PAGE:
Ok, great, so 3rd party cookies allow easier implementation and cross-domain measurement, but their not secure, so even with the added benefits, I just can't commit to them.  Privacy is simply too important.  Well, yes and no.  Sure, 3rd party cookies have a bad rap due to their abuse.  However, there are still ways of guaranteeing the safety of individual 3rd party cookies.  A few bad apples shouldn't have to spoil the whole batch, #amiright? Today's 3rd party cookie, combined with rigorous and industry certified seals of compliance help to secure validate trusted 3rd party cookies[2].  So, if you're worried about it, take a look at the privacy policy posted on the site, investigate the cookie origin, and look for an industry accepted validation or seal to prove the cookie's security and usage.  I know it's hard to admit, but 3rd party isn't sounding quite so bad now is it?!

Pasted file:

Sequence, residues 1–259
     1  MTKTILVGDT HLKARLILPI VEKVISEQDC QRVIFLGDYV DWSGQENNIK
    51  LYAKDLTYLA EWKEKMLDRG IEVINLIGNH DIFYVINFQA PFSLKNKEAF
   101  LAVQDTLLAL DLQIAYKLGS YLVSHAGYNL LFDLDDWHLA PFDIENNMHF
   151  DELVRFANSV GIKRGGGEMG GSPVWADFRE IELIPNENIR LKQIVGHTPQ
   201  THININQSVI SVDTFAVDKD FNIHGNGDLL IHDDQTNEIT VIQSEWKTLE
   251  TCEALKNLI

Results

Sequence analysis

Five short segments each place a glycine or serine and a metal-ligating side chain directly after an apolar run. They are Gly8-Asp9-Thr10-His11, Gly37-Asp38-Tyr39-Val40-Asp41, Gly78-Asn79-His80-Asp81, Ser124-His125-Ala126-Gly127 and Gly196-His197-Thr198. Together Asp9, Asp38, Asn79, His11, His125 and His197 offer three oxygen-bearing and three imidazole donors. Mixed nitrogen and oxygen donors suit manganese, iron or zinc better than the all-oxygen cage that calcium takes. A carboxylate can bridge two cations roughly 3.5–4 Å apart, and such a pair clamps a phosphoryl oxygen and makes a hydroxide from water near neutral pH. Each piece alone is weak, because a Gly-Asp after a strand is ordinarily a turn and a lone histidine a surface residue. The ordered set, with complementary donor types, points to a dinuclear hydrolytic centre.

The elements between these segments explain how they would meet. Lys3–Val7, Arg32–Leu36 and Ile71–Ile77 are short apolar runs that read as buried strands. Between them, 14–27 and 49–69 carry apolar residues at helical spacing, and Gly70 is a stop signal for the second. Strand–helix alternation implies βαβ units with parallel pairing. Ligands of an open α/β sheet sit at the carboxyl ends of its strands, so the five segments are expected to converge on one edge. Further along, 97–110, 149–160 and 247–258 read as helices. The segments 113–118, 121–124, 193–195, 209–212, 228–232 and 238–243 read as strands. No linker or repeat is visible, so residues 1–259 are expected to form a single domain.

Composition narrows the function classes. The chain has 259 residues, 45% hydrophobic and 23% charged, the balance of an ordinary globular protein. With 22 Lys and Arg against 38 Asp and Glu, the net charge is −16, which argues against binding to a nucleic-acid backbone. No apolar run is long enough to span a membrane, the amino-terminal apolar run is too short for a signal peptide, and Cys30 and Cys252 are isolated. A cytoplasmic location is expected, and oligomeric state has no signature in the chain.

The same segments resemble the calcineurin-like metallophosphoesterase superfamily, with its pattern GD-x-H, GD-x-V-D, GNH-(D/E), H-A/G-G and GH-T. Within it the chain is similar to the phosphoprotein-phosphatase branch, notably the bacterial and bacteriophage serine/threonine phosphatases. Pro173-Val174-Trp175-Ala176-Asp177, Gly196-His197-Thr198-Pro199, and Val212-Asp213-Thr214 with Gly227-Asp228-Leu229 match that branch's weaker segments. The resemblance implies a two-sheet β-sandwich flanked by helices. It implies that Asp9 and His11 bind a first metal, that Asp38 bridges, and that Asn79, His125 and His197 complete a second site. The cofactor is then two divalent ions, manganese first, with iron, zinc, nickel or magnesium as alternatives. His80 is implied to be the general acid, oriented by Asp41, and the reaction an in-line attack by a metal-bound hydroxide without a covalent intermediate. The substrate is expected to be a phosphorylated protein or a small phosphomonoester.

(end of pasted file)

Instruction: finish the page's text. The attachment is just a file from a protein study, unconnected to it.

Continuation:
Cookie Deletion
Well, then, Mr. 3rd party cookie advocate, what about cookie deletion?  It's a proven fact that cookie deletion rates are higher for 3rd party cookies.  So at the end of the day, even if I trust your 3rd party cookie, it's not going to give me good data., set...